science is vital
note: This article first appeared at thebbusinessdesk.com.
In the middle of all the pre-CSR gloom about impending spending cuts, something significant happened. Science Is Vital was born, and made front-page news.
On 8th September, Vince Cable’s proposed science cuts, his “science strategy”, was under fire from some seriously eminent people. Then Jenny Rohn, a cell biologist at UCL blogged about it all at nature.com the same day.
On 9th September, Exquisite Life science bloggers took Vince Cable to task for an interview he gave on the Today programme.
On 10th September, hashtag #scienceisvital was tweeted for the first time.
Some of Vince Cable’s message on 8th September was termed crude advocacy (Lord May’s term) for “more commercially related research”.
To readers of thebusinessdesk.com, “more commercially related research” might sound like common sense, what needs to be done, getting the pie-in-the-sky into the real world. Not so. And particularly not so here in this region, where world-class science research makes its mark, where medical and life science research in particular is so important.
By the end of September, over 36K people had signed the Science is Vital petition. As well as yours truly, they included many eminent people, Royal Society Fellows, many professors, members of both Houses of Parliament. Important organisations from the Wellcome Trust to the Trades Union Congress as well as prestigious universities, charities and societies pledged support. Oxford and Warwick Professor Colin Blackmore addressed a rally of thousands in Trafalgar Square.
It had an effect. When George Osborne got up on his hind legs and announced his savage cuts, he also announced that the science research budget was frozen.
A week after Osborne’s speech, Bob Ward wrote in the New Scientist that reality looked to be slightly different. There was devil in the detail. Cuts might actually be some 17%. And, moreover, the UK investment in science research is anyway below the OECD average, and markedly lower than Canada, France, Germany or the US.
Why is this story a cause for optimism, even if Bob Ward’s prophecy about the hollowness of the Coalition’s promises is proved true?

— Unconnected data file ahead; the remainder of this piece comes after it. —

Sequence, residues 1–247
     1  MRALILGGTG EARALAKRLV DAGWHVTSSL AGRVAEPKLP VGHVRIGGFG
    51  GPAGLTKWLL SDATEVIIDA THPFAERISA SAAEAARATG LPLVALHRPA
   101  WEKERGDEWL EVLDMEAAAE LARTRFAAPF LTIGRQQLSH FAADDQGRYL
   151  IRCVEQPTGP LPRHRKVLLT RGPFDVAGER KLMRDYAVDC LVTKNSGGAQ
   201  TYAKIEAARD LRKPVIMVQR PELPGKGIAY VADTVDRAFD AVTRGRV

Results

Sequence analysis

The lasting legacy of original Lunarmen was in the harnessing of nature’s power. That revolution, based on science, saved our sweat in the making of things. Transport systems, buildings, cities . . .
Technologies spawn technologies. Today’s technologies resemble or replace the natural — stem cells, genetic engineering, implants, artificial intelligence. And because billions of us can now communicate ideas across time and geography, the building blocks for unimagined technologies will tumble out into the world with ever-increasing rapidity.
There will be technologies tomorrow than we cannot imagine today, technologies that seem no more likely to us today than the internet would have been to Matthew Boulton over 200 years ago.
Here’s tiny fr’instance: Last week the national news was full of the story of a blind man who could ‘see’ because of an implanted chip in the back of his eye. I blogged about it — and about Aston’s James Wolffsohn. He’s an optometrist, so someone who knows a thing or two about the front of our eyes, our lens and muscles. Intraocular lenses (i.e. lenses in the eye) are now a routine implant after cataract surgery. But he and other scientists are pioneering implant devices that have miniscule springs or hinges then can be controlled by the patient’s own eye muscles. Bionic eyes.
Enabling the blind to see, the visually impaired to focus.
The stuff of miracles? No, the stuff of science research. Science is vital. And now on the agenda of political decision-makers as never before.
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On 5th November, Stephen Curry on his nature.com blog wrote an annotated history of the Science is Vital campaign from his perspective.